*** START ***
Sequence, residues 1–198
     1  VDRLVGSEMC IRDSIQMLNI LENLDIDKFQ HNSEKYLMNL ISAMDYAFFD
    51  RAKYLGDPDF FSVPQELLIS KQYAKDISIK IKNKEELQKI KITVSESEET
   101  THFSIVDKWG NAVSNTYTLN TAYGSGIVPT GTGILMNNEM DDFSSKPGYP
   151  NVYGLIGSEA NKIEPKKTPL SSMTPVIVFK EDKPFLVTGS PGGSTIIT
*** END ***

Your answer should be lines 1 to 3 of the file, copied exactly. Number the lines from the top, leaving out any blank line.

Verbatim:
Sequence, residues 1–198
     1  VDRLVGSEMC IRDSIQMLNI LENLDIDKFQ HNSEKYLMNL ISAMDYAFFD
    51  RAKYLGDPDF FSVPQELLIS KQYAKDISIK IKNKEELQKI KITVSESEET